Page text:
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29 November, 2006 - 14:22 By Staff Reporter

NIAB broadens its commercial focus

The National Institute of Agricultural Botany (NIAB) is to use a £5 million award from the NIAB Trust to lay the foundations for a profit-hungry company capable of developing the new and groundbreaking products it believes will be central to the UK’s future economy.


The group will use the strength of NIAB’s 80-year’s old brand and its reputation for world class independent research to strike partnerships in drug discovery, smart breeding and transgenic biology with the goal of producing new drug targets and non-food crops for use in biofuels and other areas.

The company has already formed partnerships with leading international plant science groups such as the John Innes Centre in Norwich and Mexico’s CIMMYT, a non-profit research and training centre committed to improving livelihoods in the developing world and with direct links to about 100 countries.

Forged under the leadership of Professor Wayne Powell, the new strategy marks a departure for the world-renowned plant science research organisation, whose work until now has been more commonly associated with public service, with traditional core activities focusing on variety characterisation and evaluation, seed testing, operating official seed certification schemes and training.

“What the National Institute of Agricultural Botany is doing is central to the UK,” said Powell.

“The Trust is investing in new capabilities and that happens to be at NIAB.

“Agriculture is a central part of the bio-economy. What is needed are new products which are capable of fulfilling a set of three requirements, they have to represent what the consumer wants, what society wants in terms of environmental impact and they need to be produced in a manner that generates – that dirty word – profits.”

This engagement with “pre-competitive plant breeding” is intended to produce a portfolio of novel traits targeted at specific end-uses, which can be harnessed and passed on for exploitation at commercial plant breeding companies.

“The money is important, but it is not a huge amount and we will not be able to do everything,” said Prof Powell.

“Our number one priority is pre-breeding, then non-food work from existing and novel crops. Third is to bring in new blood, two appointments of studentships and some PhDs.

”Within these fields, the focus will fall on environmentally and nutritionally relevant, strategic traits in line with the needs of UK government and society.

“We need a different range of skills and mindset to create new products that can provide a health benefit,” said Powell.

“Products, for instance, that do not cause diffuse pollution, like the toxic waste that comes out of an animals backside due to certain feeds.”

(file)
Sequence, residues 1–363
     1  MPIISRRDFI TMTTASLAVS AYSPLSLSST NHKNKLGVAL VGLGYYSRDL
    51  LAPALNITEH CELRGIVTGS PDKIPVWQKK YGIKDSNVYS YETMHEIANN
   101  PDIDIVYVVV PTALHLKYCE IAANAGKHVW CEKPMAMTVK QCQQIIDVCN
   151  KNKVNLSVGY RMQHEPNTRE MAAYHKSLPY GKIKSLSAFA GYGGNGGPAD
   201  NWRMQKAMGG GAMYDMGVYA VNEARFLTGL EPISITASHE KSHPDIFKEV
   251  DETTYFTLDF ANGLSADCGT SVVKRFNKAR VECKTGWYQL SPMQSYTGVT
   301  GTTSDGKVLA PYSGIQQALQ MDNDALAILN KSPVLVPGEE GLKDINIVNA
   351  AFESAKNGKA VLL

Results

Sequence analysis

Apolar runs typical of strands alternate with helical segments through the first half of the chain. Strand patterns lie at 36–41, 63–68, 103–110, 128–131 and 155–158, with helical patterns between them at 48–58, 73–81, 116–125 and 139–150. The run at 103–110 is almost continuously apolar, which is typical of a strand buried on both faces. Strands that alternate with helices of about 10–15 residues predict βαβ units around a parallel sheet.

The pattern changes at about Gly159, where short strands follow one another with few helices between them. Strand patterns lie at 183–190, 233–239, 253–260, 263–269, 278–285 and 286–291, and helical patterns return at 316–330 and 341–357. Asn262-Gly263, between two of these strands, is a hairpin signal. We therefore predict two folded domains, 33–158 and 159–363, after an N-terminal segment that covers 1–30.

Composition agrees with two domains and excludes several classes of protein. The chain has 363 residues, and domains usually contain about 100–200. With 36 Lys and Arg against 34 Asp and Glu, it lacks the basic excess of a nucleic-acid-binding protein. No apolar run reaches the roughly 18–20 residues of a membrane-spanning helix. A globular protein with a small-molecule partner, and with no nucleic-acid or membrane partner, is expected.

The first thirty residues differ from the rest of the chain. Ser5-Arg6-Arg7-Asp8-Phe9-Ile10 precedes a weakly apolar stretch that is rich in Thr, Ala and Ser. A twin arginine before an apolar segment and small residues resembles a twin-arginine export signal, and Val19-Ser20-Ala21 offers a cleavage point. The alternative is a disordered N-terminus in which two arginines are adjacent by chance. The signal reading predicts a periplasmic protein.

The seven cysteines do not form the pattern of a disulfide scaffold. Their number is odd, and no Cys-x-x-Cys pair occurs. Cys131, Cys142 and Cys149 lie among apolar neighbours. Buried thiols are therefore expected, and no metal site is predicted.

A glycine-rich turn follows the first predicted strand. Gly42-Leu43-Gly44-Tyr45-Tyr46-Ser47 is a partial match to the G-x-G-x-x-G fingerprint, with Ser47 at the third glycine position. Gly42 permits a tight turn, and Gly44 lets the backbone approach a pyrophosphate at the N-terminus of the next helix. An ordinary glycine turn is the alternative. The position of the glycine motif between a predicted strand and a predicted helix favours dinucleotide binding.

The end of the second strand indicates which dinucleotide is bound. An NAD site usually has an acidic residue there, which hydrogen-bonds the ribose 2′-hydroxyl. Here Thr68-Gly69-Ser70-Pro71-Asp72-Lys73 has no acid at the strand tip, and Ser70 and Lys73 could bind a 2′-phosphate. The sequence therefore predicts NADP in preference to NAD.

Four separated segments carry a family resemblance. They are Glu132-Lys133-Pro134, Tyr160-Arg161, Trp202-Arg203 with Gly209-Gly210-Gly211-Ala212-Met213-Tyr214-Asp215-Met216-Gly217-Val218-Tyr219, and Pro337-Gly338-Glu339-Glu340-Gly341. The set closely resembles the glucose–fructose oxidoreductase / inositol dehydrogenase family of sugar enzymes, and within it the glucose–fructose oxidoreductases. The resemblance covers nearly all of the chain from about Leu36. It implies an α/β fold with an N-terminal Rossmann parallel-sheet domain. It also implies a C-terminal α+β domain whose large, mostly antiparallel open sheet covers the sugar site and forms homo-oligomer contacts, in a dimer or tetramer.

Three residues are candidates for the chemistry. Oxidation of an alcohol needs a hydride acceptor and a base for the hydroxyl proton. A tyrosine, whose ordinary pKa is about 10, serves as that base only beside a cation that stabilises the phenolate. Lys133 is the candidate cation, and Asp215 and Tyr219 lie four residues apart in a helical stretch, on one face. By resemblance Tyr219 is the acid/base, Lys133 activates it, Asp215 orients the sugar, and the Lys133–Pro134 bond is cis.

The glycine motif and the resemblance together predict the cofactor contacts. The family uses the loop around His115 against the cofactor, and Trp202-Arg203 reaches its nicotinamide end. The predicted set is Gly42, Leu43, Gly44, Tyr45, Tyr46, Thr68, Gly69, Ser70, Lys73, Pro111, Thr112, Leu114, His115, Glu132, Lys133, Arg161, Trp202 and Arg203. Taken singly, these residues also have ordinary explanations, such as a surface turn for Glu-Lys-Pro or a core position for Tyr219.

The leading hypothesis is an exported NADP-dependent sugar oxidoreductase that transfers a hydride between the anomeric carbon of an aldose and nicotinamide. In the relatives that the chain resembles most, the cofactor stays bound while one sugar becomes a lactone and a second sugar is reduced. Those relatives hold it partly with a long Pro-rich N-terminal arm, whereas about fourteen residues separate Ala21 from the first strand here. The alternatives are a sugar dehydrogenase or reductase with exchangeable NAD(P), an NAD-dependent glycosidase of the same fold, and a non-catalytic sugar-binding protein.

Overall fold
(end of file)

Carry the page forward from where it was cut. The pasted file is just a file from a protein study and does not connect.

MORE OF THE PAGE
NIAB is already producing important work in these areas under contract including the assessment of the biomass potential of certain crops for Defra and a major role in the Europe’s largest GM research project, CO-EXTRA, which is intended to provide the EU’s agriculture and food industries with the basis to make decisions on their future use of GM farming methods.

Powell joined NIAB as chief executive 18 months ago. Initially he spent his time consolidating the company’s core businesses before he moved to identify new areas to push into.

“To look over a horizon of five years we need to look back first. NIAB has moved away from public sector dependence. We have a core business that is built around contract research and services, added Powell.

“NIAB has a great brand and track record to succeed in the future. We need to focus on two elements: A really relevant research capability and translating science.

“Targeting what is happening at universities and in the economy. We need selective partnerships and we will need to have a product. NIAB will be embedded in the knowledge and wealth economy.

“The plan is to use the money from the Trust to kick-start this side of the business. We then hope to raise more money to develop it further.”

This has already begun with a £1.4 million award from the Biotechnology and Biological Sciences Research Council (BBSRC) to supplement the Trust’s amount.

Lying at the heart of some of the company’s new ventures will be a focus on transgenic biology – GM crops – an unavoidable consequence of the rapidly growing demand for alternative energy sources according to NIAB.

“It is inconceivable that in time GM crops will not be grown in this country,” said Prof Powell.

“Bioenergy will be very important and our transgenic capability will be used for research purposes initially and then in partnerships to create new products.

“On the side of non-food crops we intend to identify new compounds that have implications for drug delivery in the fight against Malaria. There are also novel compounds with anticancer properties. We intend to progress this work in partnership with key organisations with pharma expertise. We can use smart-breeding technology to grow crops in the appropriate conditions to produce these.”

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